The counting of rockets and missiles being fired at the south and close to central Israel has become a permanent ritual, a sort of scale on which the degree of calm is measured. But the suffering and difficulties experienced by the residents in the areas where the missiles strike cannot be quantified.
The mini war in which the IDF kills "senior" figures in Gaza's terrorist groups and the residents of the south receive a predetermined dose of missiles in response, has become an inseparable part of the routine reality which, we are told, is unavoidable.
If we are to judge by the statements of IDF Chief of Staff Benny Gantz, the solution lies in an extensive military operation that would ensure another period of calm, like the one which followed Operation Cast Lead.
It appears some have forgotten the fact that Cast Lead failed to destroy terrorism, and that the pinpoint assassinations of "senior" figures on the Palestinian side leads to their immediate replacement.
Indeed, the frustration and the suffering in the south reinforce the tendency to act in great force in the Gaza Strip. However, when the government imposes, justifiably, responsibility on Hamas for what happens in the Strip, theres is no reason not to channel that power assignment into an avenue for a solution.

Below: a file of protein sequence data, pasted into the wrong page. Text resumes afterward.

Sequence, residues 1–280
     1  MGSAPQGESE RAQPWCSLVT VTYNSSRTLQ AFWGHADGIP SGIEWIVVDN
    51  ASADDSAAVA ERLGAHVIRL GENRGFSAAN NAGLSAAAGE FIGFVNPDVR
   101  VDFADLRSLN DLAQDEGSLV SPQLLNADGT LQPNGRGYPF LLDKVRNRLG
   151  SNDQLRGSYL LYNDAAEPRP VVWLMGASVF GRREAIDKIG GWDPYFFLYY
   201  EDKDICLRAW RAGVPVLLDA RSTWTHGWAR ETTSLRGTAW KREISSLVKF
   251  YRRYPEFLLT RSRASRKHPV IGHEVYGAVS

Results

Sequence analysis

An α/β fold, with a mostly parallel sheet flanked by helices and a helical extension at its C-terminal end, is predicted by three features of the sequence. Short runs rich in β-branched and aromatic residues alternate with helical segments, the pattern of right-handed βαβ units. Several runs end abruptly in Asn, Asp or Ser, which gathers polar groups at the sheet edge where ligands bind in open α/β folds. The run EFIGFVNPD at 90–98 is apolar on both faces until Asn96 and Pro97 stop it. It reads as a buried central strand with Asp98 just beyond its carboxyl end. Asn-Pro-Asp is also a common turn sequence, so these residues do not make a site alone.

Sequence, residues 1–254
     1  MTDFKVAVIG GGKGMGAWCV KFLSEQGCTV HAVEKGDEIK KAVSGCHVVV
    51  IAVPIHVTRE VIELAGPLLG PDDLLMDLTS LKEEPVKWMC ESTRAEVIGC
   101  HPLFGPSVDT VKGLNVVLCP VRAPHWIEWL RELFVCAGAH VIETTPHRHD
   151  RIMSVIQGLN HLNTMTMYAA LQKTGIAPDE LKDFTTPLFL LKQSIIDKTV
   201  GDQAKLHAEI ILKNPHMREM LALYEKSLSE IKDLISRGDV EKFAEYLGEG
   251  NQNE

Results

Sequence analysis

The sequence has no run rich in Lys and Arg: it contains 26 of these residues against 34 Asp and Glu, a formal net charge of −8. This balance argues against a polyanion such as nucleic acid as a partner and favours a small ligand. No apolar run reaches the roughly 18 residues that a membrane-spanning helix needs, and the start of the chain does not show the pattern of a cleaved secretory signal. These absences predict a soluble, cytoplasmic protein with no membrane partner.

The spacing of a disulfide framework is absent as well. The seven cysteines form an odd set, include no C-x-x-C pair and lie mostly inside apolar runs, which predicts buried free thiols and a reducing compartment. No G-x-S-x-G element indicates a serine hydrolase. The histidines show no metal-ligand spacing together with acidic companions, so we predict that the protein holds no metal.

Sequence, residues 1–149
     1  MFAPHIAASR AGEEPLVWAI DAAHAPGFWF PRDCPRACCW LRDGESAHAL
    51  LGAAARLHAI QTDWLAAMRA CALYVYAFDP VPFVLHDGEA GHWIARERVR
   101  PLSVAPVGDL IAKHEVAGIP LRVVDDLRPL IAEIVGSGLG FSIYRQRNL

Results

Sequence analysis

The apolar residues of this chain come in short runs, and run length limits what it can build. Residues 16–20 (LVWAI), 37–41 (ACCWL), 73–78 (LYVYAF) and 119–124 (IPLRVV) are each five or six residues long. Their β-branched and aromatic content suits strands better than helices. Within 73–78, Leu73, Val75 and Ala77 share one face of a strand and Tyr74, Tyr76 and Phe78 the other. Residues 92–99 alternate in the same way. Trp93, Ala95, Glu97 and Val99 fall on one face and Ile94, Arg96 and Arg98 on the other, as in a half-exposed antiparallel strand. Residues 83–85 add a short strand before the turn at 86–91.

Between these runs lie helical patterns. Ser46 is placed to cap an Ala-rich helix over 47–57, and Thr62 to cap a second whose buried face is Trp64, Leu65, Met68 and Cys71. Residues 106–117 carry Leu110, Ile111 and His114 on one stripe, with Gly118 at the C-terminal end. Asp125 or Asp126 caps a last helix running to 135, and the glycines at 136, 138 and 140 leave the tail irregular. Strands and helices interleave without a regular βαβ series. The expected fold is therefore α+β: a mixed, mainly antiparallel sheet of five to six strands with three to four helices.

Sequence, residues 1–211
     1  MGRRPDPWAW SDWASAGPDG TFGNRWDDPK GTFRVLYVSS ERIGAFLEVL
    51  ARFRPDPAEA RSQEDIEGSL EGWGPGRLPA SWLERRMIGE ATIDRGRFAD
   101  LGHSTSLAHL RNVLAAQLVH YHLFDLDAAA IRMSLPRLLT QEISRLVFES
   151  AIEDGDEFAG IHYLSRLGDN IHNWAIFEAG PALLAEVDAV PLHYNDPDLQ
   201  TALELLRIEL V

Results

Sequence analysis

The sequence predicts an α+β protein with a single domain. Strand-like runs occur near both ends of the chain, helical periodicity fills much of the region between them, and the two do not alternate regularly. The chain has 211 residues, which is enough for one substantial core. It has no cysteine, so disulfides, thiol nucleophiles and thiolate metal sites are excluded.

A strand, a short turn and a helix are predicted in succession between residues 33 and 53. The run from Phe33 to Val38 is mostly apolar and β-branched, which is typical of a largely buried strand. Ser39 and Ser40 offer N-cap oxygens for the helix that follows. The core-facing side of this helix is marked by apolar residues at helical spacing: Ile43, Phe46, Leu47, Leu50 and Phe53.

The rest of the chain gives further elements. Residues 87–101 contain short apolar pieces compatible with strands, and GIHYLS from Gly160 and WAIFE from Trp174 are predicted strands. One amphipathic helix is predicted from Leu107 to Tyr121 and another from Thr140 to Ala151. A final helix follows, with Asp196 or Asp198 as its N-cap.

Israel and Hamas already have indirect negotiations, mostly through Egypt, on a number of issues. The Shalit deal is clear proof that it is possible to reach specific agreements with Hamas, but it is not the only one.
In the past Israel has managed to achieve unofficial agreements with the group on cease-fires, and set the terms for their implementation. It is fair to say that Hamas, too, has much interest in maintaining calm. The negotiations on unity with Fatah, the Palestinian aspiration to gain international recognition, and the possibility that the leadership of Hamas will have to find an alternative to Damascus for refuge, may serve as serious motives for reaching a tacit understanding with Israel.
Before the Israel's air force and the tanks rush once more toward Gaza, carrying out an operation whose beginning is known but not its end, it is essential to examine the possibility of establishing a cease-fire in different ways.
The residents of the south shouldn't pay the price of a military operation in Gaza.
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